I guess this book was meant to prepare kids for the death of their dear Rover, Fido, or even Whiskers, and to emphasize telling them you love them while you have them, but I am not ready yet to accept that my two wonderful Australian shepherds will ever leave me in any way, let alone prepared to explain this to my grand niece. A warning on the cover of this book is all I would have needed, but NO, I was taken completely and vulnerably off guard!

I tucked in Linnea, went into the living room with my doggies and hugged and loved on them so much even they wanted me to stop after a while (that NEVER happens).

Just be warned, if you see this book, you should be prepared before reading aloud to any child (or even silently to yourself).

Ok, so it really is a nice book in many ways, but seriously, read it yourself first so you know what you’re in for. Yikes!

It’s nobody’s business, but here goes…

After my two most recent posts, I noticed this, my very first post, popping up in my stats again and I had to reread it because I’d forgotten it. God has a sense of humor.

caverns of my mind

There is an imaginary rule book, no, wait- an engraved stone out there that “they” wrote.  Nobody knows who “they” are and nobody questions the rules on the imaginary stone tablet.  Why not?  And don’t you dare go and break one of these sacred rules, or you’ll be viewed as weird or different.  After all, if we were meant to be different, we would have each popped out of our mothers’ bellies with our own individualized rule book in hand.  I, for one, am declaring the need to throw out this archaic book and write a new one!

As young children, we are raised on great old stories of princesses, castles, Prince Charming, and happily-ever-after.  There’s nothing wrong with this idea… I could be a princess, and even pretend as though I couldn’t survive without Prince Charming, if he was charming enough.  I always had a problem with the…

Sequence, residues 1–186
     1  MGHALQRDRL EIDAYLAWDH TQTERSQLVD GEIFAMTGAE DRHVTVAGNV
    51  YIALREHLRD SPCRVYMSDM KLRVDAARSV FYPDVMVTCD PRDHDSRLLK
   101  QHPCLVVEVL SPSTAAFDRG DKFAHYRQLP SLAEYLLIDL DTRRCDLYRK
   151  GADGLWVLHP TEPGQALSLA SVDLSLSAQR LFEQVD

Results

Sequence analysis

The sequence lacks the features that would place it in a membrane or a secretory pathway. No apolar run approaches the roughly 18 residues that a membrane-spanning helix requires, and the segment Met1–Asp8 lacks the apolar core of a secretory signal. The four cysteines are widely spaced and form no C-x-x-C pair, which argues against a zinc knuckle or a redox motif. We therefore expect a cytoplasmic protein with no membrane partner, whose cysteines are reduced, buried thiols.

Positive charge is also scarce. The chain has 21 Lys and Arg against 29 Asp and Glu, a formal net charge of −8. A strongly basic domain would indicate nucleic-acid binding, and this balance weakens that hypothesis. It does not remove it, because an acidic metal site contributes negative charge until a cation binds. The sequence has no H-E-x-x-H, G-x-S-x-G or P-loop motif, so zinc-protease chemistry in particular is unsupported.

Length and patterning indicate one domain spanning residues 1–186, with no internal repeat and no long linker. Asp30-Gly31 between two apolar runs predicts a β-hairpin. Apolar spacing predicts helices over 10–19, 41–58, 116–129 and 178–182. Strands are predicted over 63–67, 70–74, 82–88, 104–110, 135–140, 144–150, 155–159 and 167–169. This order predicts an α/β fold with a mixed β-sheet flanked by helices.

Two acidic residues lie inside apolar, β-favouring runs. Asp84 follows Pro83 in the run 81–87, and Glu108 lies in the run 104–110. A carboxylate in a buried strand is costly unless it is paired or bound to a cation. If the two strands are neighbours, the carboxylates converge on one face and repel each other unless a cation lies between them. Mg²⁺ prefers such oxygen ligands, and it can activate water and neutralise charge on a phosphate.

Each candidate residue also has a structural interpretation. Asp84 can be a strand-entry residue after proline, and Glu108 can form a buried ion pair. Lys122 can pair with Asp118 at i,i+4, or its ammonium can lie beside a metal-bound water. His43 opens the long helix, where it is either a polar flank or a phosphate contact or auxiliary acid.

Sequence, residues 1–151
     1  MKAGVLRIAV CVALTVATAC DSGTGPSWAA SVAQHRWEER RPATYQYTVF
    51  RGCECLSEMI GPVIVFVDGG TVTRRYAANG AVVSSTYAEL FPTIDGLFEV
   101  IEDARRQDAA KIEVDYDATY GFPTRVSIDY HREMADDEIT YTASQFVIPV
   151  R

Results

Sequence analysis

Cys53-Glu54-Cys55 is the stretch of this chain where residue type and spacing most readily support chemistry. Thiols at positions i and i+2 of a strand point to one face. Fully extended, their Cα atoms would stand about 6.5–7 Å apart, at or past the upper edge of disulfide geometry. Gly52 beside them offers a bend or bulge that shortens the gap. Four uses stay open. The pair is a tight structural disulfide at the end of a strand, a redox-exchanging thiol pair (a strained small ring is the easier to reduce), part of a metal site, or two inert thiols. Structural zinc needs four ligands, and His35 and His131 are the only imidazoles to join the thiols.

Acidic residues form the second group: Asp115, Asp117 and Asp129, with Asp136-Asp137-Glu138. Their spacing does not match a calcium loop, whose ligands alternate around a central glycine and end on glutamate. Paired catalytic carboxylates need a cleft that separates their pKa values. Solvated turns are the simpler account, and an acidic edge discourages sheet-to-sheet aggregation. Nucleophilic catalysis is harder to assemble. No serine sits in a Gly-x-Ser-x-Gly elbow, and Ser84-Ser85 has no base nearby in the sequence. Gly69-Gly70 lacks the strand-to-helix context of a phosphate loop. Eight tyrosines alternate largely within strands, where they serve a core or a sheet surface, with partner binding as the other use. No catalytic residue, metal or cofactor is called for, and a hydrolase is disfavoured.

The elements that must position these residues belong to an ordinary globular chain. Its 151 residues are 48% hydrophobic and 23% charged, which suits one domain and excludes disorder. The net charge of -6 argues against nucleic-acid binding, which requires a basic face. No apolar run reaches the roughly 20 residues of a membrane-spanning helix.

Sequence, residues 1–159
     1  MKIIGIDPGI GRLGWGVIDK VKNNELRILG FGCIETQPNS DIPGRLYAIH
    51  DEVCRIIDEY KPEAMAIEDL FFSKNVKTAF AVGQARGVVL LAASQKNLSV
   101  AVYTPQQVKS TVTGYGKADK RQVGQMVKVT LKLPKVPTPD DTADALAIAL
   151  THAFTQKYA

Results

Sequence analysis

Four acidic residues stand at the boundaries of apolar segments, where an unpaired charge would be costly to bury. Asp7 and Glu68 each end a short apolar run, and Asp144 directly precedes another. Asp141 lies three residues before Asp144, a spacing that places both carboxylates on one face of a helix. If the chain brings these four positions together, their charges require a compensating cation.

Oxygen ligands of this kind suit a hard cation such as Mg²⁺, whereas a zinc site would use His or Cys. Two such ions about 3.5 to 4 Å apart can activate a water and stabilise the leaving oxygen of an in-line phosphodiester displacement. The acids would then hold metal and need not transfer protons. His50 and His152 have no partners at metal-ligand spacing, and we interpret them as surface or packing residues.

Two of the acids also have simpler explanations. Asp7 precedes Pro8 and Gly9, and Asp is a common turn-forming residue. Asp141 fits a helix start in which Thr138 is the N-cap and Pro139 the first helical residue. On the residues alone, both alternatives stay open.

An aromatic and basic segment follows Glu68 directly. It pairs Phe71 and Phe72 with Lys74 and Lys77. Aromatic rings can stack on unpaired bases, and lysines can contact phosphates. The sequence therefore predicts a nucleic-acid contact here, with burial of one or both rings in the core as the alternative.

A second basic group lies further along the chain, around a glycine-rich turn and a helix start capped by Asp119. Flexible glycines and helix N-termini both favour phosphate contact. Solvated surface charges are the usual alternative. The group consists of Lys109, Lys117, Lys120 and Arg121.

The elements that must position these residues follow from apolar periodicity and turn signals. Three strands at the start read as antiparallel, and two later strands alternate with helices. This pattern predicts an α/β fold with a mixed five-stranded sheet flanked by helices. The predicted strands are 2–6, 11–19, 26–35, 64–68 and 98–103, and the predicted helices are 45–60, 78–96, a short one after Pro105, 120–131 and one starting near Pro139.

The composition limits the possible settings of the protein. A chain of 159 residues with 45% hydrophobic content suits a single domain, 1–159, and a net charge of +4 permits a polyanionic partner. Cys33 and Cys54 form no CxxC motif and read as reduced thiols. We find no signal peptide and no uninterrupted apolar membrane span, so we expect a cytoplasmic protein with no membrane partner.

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My Peculiar Confession

I do not have children, nor have I ever desired to have children (for maybe about 6 months of my life because it felt like a duty I should take care of, like paying taxes, walking the dog, or something); however, I am tired of those who propagate assuming I don’t because I am a selfish person.  And even if I were childless due to being selfish, why would anyone want to argue with me about it and try to talk me into having kids.  If there are people out there who have made a conscious decision not to have babies because they know they are selfish, wouldn’t it be best to let it rest?  Don’t we have enough bad parents in the world?

I have several reasons for not having kids (many I believe I covered sometime ago in my blog), but one is, surprisingly, that I don’t want to be selfish.

That’s right.  One reason I have not procreated is because I want to keep myself from being too selfish.  I have an intense personality and I put my all into whatever I do, to the point of it almost becoming unhealthy at times.  I taught for seven years, and in that time I touched the lives of more kids than I ever could have if I had one or two kids of my own.  Sure, some people do both, but for a personality such as mine, I knew I had to make a choice because I would only be good at one.  By the thank yous I often get from students I was able to encourage and inspire, I believe I made the right choice.